95% of the world’s largest 250 corporations over 4,000 organizations already publish data on their environmental, societal, and economic impacts, but Warsaw is at the vanguard of cities to do so (and the first of any entity to adopt the latest GRI standard).
If cities embraced measuring and publishing environmental impact data on a widespread basis, it could be a critical step toward curbing costly, needless, and destructive environmental negative side effects of how we conduct our daily affairs – including those that are contributing to climate change. This statement is supported by five facts:
(1) a majority of the planet’s +7 billion (soon to be 9 billion) people now lives in cities (a recent epochal tipping point);
(2) we enjoy a greater degree of access to – and control over – local government (compared to national government);
(3) many energy, water, sewage, waste, transportation, and other infrastructures are managed by municipalities (or other sub-national levels);
(4) inasmuch as public infrastructure functions are often outsourced, reporting can involve (and thereby put appropriate constructive pressure on) for-profit infrastructure service companies. In other words, cities can demand that companies and other organizations start measuring, reporting, and reducing negative impacts;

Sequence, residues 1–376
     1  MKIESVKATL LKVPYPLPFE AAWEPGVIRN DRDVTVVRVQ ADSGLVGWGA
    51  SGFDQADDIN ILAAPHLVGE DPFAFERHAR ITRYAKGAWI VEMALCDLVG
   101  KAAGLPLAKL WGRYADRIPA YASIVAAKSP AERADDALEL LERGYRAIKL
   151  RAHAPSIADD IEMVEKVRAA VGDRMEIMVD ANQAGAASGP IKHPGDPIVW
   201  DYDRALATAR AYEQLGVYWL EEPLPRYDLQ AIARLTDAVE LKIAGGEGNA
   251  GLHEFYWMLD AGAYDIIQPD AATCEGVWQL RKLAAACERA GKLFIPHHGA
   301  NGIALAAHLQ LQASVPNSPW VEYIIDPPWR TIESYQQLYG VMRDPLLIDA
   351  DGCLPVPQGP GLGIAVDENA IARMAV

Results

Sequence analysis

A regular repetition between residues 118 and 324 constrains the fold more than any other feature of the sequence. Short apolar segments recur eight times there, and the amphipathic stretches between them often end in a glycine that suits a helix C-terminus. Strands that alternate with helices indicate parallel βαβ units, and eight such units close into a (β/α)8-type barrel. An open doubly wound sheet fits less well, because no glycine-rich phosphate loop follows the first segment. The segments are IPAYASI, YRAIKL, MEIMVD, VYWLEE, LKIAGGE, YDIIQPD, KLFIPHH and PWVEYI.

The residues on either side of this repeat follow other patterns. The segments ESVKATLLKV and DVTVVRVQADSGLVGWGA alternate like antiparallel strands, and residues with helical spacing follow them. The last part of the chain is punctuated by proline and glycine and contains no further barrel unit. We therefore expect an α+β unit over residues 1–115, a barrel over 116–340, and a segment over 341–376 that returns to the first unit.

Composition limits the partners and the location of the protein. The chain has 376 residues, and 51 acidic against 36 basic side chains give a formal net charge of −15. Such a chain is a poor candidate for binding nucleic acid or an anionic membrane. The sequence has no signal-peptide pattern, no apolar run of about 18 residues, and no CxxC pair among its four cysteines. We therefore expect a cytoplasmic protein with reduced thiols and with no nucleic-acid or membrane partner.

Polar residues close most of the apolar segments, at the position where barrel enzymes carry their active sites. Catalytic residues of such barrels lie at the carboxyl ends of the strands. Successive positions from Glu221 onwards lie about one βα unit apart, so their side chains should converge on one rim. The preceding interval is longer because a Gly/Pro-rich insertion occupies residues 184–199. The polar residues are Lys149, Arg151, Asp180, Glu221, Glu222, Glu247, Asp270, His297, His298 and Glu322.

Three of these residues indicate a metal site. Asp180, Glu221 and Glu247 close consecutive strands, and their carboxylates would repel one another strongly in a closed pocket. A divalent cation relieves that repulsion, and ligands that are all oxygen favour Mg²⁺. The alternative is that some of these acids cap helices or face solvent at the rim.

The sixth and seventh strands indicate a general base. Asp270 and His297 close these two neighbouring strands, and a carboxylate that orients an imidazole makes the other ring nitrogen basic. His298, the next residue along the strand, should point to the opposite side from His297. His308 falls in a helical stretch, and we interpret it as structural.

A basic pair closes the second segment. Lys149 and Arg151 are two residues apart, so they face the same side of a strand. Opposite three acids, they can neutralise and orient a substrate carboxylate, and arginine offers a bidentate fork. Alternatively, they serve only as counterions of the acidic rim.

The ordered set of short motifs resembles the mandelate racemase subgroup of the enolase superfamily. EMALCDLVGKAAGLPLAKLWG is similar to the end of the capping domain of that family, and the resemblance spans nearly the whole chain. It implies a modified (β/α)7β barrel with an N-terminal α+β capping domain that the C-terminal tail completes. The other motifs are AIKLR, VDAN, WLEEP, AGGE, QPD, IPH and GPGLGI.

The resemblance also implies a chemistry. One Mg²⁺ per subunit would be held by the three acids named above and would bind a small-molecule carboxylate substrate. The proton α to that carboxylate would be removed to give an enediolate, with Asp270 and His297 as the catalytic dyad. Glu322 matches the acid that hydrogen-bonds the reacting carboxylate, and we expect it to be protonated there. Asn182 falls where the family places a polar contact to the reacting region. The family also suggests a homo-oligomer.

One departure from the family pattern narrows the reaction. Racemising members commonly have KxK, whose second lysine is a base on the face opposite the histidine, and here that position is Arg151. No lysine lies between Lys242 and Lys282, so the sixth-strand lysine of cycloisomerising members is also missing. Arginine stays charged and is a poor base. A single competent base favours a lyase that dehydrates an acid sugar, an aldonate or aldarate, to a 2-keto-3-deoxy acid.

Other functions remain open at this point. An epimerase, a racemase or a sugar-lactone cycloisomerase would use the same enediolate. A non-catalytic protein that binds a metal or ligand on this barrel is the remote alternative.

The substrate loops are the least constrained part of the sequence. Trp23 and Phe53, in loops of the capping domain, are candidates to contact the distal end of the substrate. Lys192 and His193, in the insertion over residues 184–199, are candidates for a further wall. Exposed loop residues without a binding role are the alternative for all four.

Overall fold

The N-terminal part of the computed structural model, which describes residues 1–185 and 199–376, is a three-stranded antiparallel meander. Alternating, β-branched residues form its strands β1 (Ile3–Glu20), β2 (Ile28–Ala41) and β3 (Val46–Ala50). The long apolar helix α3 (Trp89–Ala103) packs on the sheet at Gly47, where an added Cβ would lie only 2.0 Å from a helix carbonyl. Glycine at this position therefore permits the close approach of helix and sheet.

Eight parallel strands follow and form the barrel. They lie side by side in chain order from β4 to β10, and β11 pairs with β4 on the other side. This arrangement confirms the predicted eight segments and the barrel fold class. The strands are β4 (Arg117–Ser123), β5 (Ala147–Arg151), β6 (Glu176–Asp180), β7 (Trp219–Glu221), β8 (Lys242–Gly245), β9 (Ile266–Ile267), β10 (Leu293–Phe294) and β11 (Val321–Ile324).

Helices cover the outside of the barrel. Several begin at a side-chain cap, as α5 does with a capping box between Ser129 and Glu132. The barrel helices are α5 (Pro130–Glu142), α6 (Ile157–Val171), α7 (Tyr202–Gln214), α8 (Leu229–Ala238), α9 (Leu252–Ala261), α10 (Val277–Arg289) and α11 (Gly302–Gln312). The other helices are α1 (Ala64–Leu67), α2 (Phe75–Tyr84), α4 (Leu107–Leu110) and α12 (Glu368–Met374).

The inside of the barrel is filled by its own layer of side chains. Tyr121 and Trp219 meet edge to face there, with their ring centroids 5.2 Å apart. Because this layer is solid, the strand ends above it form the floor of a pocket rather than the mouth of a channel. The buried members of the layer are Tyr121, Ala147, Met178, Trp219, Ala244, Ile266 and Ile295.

(4) the long-predicted impacts of climate change are being acutely felt in the world’s cities – especially in major coastal metropolises providing an impetus for immediate constructive change and adaptation; and
(5) ambitious goals have been set and significant tangible steps taken by cities.
Cities and other sub-national units of organization therefore (1) are vital foci for change, (2) deserve to have their voices heard, and (3) should have their readily replicable best practices – including efforts related to measurement – highlighted and propagated.
The author helped the Warsaw Department of Infrastructure prepare the City’s 2013 Integrated Sustainability Report and is scheduled to speak about the importance of measuring environmental impacts at the COP19/CMP9 UN Climate Change Conference.